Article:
By Ben Talsma
Ben Talsma is a Learning Solutions Specialist at Van Andel Institute for Education, an education nonprofit which strives to empower teachers and build classrooms where curiosity, creativity, and critical thinking thrive.
I recently helped facilitate a Zoom call between a group of elementary students and the Florida nonprofit, Keepers of the Springs. The interview only lasted 30 minutes, but it was electrifying. Students were enraptured by the presenter’s stories. They “oohed” and “aahed” at the fossils he’d found while diving in the Florida springs and peppered him with questions like, “What’s the difference between a watershed and an aquifer?” It was the kind of learning that kids remember – a fun, meaningful moment that stays with them even as they grow older.
All of this was just one small part of a larger lesson: a project-based learning experience that taught students how to investigate and improve their own drinking water. Each phase of the project gave students something they could see and touch while encouraging them to create positive change. By the end, they hadn’t just learned the principles of science and math, they also knew how to apply them to their daily lives. I’ve seen PBL implemented before, and with each new lesson, I become more and more convinced that it’s the future of education.
There’s a place for helping students acquire and retain information — but if we want to cultivate students who will help our world face its biggest challenges, we need to do more. Project-based learning is an ideal way to begin. What makes PBL so effective is that it gives students the opportunity to create real, tangible change. Whether it’s by teaching them about the value of environmental sustainably or giving them a chance to test water in their local reservoir, the effects can go far beyond our classrooms.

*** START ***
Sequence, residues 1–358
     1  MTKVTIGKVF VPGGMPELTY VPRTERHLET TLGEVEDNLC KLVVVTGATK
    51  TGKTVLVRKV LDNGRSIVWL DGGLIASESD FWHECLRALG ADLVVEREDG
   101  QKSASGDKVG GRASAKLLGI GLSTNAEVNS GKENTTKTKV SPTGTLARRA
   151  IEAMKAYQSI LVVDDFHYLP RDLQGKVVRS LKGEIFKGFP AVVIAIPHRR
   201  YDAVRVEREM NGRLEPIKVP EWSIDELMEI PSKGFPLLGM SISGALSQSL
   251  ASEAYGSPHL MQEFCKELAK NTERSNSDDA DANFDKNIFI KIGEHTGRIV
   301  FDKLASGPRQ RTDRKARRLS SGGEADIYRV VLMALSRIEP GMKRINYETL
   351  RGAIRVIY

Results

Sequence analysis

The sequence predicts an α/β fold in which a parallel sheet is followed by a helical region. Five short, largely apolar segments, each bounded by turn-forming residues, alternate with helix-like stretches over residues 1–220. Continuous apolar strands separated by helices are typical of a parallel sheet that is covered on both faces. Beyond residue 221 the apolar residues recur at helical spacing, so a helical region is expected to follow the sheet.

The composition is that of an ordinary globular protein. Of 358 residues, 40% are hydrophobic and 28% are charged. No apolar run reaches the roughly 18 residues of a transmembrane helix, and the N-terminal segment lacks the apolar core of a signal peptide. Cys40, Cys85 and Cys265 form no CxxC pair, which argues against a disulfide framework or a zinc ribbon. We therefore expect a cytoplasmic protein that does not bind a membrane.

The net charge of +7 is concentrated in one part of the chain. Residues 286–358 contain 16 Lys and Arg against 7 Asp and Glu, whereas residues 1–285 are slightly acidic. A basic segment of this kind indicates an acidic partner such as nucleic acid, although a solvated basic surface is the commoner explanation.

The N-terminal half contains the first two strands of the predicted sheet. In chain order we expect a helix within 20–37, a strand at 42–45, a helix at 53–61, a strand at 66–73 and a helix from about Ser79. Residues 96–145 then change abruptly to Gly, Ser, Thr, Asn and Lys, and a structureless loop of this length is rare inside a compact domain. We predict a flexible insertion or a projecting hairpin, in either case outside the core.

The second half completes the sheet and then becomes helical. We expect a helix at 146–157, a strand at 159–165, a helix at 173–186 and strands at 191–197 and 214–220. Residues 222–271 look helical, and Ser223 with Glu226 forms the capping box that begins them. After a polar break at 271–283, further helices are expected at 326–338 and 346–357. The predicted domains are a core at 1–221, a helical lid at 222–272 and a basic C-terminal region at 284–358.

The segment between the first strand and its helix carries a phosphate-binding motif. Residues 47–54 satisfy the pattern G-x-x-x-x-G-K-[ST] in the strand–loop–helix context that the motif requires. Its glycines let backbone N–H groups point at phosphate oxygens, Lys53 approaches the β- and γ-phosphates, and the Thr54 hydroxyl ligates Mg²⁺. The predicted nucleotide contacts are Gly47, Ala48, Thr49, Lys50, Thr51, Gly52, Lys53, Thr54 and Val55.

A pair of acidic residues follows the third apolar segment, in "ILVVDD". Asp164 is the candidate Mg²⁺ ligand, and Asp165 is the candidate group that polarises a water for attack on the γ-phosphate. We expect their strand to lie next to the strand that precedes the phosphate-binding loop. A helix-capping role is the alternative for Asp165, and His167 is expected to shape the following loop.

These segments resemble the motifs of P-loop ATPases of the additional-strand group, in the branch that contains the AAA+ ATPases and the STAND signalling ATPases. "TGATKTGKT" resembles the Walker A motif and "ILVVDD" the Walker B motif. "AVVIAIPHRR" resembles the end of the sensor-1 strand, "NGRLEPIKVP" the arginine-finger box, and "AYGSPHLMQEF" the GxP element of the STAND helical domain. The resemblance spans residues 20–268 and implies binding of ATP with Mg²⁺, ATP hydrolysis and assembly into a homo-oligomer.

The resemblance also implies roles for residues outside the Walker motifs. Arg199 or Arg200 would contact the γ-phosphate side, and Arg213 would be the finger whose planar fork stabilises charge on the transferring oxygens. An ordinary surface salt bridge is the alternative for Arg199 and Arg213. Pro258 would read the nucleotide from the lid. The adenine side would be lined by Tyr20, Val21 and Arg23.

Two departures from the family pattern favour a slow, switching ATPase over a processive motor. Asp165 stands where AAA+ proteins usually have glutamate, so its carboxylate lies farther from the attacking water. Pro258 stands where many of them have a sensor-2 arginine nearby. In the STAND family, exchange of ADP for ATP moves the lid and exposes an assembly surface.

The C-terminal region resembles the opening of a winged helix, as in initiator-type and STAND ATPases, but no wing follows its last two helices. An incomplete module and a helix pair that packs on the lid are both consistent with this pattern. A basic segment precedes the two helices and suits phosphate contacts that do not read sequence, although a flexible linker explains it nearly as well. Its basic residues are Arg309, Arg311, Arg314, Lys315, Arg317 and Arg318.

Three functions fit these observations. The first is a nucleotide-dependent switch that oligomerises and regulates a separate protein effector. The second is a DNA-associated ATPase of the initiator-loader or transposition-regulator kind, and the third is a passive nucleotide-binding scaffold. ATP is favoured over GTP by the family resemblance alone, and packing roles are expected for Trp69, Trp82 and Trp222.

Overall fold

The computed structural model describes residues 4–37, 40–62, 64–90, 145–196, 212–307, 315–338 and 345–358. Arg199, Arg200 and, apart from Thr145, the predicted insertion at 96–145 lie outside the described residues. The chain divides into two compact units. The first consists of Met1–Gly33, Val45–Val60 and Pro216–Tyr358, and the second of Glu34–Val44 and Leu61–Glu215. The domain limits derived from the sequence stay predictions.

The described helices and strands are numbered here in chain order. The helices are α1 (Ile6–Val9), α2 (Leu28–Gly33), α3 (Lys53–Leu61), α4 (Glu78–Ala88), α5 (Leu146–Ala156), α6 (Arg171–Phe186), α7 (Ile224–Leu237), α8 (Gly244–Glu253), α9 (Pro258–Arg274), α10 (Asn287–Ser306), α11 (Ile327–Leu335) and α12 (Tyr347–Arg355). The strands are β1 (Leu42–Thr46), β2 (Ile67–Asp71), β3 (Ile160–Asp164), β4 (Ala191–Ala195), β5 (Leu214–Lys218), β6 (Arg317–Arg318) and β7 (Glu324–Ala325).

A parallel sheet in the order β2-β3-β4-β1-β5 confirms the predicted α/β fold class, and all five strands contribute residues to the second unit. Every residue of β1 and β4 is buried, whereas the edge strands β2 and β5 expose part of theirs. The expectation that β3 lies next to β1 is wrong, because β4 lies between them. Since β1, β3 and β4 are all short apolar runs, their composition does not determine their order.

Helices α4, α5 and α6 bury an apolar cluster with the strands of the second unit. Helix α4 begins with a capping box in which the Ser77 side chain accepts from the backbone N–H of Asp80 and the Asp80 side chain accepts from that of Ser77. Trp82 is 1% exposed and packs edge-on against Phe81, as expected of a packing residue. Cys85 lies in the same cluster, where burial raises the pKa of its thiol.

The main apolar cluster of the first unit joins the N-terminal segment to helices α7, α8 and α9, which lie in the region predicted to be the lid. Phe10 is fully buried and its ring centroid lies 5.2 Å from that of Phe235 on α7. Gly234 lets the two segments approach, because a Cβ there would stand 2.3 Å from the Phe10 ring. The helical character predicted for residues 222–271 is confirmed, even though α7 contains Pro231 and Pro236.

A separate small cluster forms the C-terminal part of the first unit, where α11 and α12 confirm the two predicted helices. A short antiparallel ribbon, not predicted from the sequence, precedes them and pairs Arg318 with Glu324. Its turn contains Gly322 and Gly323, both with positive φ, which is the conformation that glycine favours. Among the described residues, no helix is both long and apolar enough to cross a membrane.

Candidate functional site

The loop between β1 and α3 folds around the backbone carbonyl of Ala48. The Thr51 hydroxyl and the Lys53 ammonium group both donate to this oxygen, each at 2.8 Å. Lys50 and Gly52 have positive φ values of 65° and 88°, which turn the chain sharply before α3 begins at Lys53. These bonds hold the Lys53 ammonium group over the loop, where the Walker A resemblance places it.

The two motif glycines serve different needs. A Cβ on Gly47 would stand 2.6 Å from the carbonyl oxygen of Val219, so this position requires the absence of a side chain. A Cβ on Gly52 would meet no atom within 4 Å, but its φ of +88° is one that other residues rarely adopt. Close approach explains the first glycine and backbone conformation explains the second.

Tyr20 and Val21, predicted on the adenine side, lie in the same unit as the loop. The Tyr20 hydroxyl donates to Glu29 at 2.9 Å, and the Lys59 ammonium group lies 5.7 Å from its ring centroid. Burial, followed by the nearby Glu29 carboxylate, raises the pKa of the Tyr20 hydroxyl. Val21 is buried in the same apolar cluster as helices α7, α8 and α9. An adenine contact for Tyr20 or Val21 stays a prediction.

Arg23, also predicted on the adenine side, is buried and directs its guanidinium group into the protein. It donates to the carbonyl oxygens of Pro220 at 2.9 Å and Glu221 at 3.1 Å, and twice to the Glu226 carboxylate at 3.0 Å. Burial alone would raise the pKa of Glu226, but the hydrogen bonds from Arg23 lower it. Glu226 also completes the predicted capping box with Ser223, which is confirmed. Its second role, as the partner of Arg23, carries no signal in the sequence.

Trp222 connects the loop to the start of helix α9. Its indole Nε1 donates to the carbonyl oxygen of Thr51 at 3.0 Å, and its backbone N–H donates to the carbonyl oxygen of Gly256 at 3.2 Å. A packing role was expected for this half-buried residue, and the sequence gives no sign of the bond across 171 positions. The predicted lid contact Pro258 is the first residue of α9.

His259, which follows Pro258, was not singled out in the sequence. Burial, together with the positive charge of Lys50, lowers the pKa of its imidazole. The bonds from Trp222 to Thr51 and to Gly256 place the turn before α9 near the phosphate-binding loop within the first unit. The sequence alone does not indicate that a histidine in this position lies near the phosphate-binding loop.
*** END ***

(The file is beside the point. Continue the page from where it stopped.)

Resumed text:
One example of this still resonates with me even today. Years ago, while exploring PBL resources alongside another teacher, she suddenly turned to me and said:
“This kind of project is a perfect opportunity to help our class think about issues of access and equity.”
And it was! Her students would be learning about nutrition and healthy eating, but they lived within 30 miles of an area where food deserts were common. As students explored the topic, the pedagogical soil would be incredibly fertile; students would have ample opportunity to reflect on why their neighborhood had multiple Whole Foods, while just half an hour away, students were surrounded by fast food.
Create Meaningful Change
We live in a world with incredible challenges and incredible opportunities, and the students in our classrooms will, in a matter of years, be the ones tasked with guiding it wisely. If we want to prepare them for that brave new world, it’s not enough to do things the way we’ve always done them. We need to empower them to start making a difference today, so that we can grow the difference-makers of tomorrow.
Project-based Learning is a great way to engage students, and a great way to teach content. But its true power lies in its ability to provide a rich environment where we can cultivate the kind of inspiring, transformative changes that make all of us — students and teachers alike — excited to wake up in the morning and make a difference.
Editor’s note: For further reading, see a 2021 U.S. News and World Report article on research that shows students in PBL classrooms across the U.S. significantly outperformed students in typical classrooms.
Examples abound of local public school districts having implemented project-based learning, including Kent ISD center programs and in Caledonia, Forest Hills, Godfrey-Lee, Grand Rapids, Kenowa Hills, Kent City, Kentwood, Lowell, Northview, Rockford, Sparta, and Wyoming.